What do we know about social attachment and human nature? | Aeon Essays
Photo by Jianan Yu/Reuters

From cradle to grave, we are soothed and rocked by attachments – our source of joy and pain, and the essence of who we are

Mostafa El-Kalliny is an MD/PhD trainee at the University of Colorado.

Zoe R Donaldson is an assistant professor in psychology and neuroscience and molecular, cellular and developmental biology at the University of Colorado Boulder.

Edited byPam Weintraub

The scene is a familiar one: an urban park, with young couples picnicking, dog owners playing fetch, parents chatting while their children scamper around. Marie – a young child – becomes entranced by a new wonder of her world – maybe a springtime butterfly, maybe another child throwing an impressive fit. Eventually, looking away from her intense focus, she realises that the world has shifted around her and that her parents are no longer in sight. Interest and elation morph into concern and fear, as she holds back her tears and begins to search. Just around the corner, she finds her father, who scoops her up, and, as quick as her fear started, it dissipates; her world is complete and safe again.

From the moment we are born, we are hardwired to seek attachment to others. Throughout our lives, relationships that involve attachment serve as sources of emotional security, joy and companionship, while at other times, pain and grief. Compared with those of other animals, human relationships are staggeringly multifaceted. Yet despite this, what lies at the core of our relationships is an elaboration of a phenomenon whose roots across the species spectrum are wide and deep. As we wend our way through life’s course – from infancy to adolescence to adulthood to loss – attachment holds a strong grip on our lives, shifting to accommodate our changing needs. While the roots of this phenomenon tell us much about who we are, they tell us just as much about mysteries that remain unanswered in evolution, psychology, neuroscience and more.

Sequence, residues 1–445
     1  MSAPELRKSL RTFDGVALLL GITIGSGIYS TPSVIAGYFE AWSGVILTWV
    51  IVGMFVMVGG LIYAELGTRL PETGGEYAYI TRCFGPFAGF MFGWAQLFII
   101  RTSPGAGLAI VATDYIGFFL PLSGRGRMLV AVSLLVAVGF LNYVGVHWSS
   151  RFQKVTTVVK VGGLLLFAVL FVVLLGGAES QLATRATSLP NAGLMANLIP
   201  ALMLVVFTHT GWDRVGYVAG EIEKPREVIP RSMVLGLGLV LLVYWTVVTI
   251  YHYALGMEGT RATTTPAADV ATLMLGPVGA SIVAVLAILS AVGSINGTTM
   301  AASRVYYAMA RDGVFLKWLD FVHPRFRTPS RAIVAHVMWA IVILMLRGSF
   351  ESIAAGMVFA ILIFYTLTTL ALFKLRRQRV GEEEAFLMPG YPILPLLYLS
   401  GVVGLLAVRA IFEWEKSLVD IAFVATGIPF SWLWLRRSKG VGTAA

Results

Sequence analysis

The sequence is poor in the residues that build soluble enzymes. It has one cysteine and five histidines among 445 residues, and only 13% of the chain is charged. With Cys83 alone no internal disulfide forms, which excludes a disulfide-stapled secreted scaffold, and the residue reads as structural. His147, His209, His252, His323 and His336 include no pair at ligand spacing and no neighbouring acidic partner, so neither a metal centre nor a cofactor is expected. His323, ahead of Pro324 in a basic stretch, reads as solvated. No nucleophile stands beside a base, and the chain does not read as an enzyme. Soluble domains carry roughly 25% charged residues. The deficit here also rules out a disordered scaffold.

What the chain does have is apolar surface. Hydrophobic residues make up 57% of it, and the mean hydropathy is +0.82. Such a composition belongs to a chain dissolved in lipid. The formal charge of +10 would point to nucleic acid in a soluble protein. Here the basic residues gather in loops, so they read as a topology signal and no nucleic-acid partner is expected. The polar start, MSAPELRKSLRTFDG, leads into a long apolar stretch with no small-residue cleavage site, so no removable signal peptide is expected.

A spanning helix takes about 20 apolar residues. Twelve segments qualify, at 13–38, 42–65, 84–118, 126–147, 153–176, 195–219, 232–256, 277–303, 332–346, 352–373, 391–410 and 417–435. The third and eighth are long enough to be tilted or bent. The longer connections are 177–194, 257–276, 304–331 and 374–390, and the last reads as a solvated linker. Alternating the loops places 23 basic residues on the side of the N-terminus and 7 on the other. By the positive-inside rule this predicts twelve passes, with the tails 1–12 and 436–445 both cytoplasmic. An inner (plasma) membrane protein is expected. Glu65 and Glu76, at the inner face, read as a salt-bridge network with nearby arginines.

In The Conquest of Happiness (1930), the British philosopher Bertrand Russell wrote:

Those who face life with a feeling of security are much happier than those who face it with a feeling of insecurity … The child whose parents are fond of him accepts their affection as a law of nature … The child from whom for any reason parental affection is withdrawn is likely to become timid and unadventurous, filled with fears and self-pity, and no longer able to meet the world in a mood of gay exploration.

What Russell was describing would only later in the 1930s get a scientific description, when the Austrian zoologist Konrad Lorenz observed that ducks and geese are hard-wired to become attached to the first moving figure they encounter in their life, and will demonstrate signs of distress if separated from that figure. Lorenz found this innate drive to be so strong that attachment happens regardless of whether it’s to the birds’ mother, a bicycle tire or Lorenz himself.

While it’s more complicated for human babies, in the 1950s, the British psychologist John Bowlby extended this concept to us. He observed that children who were separated from their families during the air raids of the Second World War first tended to cry out in protest while seeking them out, then would lie in vigilant despair, then become detached. Bowlby’s observations led to his principle that children, from day one, begin to develop unique mental models of how their primary caregivers recognise and respond to their needs. In effect, these caregivers serve as a base from which to explore the world and, in doing so, become the first of many attachments we experience in our lives. As Bowlby wrote:

All of us, from the cradle to the grave, are happiest when life is organised as a series of excursions, long or short, from the secure base provided by our attachment figures.

The importance of this secure base can hardly be understated. Imagine our park denizens in the age of the Second World War. Kai – a child who plays at that park – is evacuated to live in the peaceful countryside without his parents. Another park child, Marie, remains in London, and experiences bombings and war-related events but in the company of her parents. While perhaps not intuitive – after all, Kai’s parents also had their child’s safety at heart – those who stayed in London with their parents, despite the constant threats of bombings, ultimately fared better psychologically…


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